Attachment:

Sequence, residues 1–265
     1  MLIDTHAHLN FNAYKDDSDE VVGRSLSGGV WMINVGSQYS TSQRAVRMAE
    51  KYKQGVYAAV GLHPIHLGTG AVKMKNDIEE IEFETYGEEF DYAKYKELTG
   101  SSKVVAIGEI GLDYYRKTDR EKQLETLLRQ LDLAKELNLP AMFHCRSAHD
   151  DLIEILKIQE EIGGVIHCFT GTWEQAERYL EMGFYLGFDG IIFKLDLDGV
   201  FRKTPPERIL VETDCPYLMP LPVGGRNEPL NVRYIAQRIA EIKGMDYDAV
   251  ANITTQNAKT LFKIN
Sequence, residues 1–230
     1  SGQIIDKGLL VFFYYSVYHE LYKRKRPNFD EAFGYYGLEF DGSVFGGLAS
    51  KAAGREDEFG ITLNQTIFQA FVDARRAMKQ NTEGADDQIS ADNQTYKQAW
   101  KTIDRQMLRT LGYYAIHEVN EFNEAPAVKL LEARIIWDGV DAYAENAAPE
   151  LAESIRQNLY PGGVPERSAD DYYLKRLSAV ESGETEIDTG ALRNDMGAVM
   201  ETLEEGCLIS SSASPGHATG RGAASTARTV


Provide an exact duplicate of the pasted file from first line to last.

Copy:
Sequence, residues 1–265
     1  MLIDTHAHLN FNAYKDDSDE VVGRSLSGGV WMINVGSQYS TSQRAVRMAE
    51  KYKQGVYAAV GLHPIHLGTG AVKMKNDIEE IEFETYGEEF DYAKYKELTG
   101  SSKVVAIGEI GLDYYRKTDR EKQLETLLRQ LDLAKELNLP AMFHCRSAHD
   151  DLIEILKIQE EIGGVIHCFT GTWEQAERYL EMGFYLGFDG IIFKLDLDGV
   201  FRKTPPERIL VETDCPYLMP LPVGGRNEPL NVRYIAQRIA EIKGMDYDAV
   251  ANITTQNAKT LFKIN
Sequence, residues 1–230
     1  SGQIIDKGLL VFFYYSVYHE LYKRKRPNFD EAFGYYGLEF DGSVFGGLAS
    51  KAAGREDEFG ITLNQTIFQA FVDARRAMKQ NTEGADDQIS ADNQTYKQAW
   101  KTIDRQMLRT LGYYAIHEVN EFNEAPAVKL LEARIIWDGV DAYAENAAPE
   151  LAESIRQNLY PGGVPERSAD DYYLKRLSAV ESGETEIDTG ALRNDMGAVM
   201  ETLEEGCLIS SSASPGHATG RGAASTARTV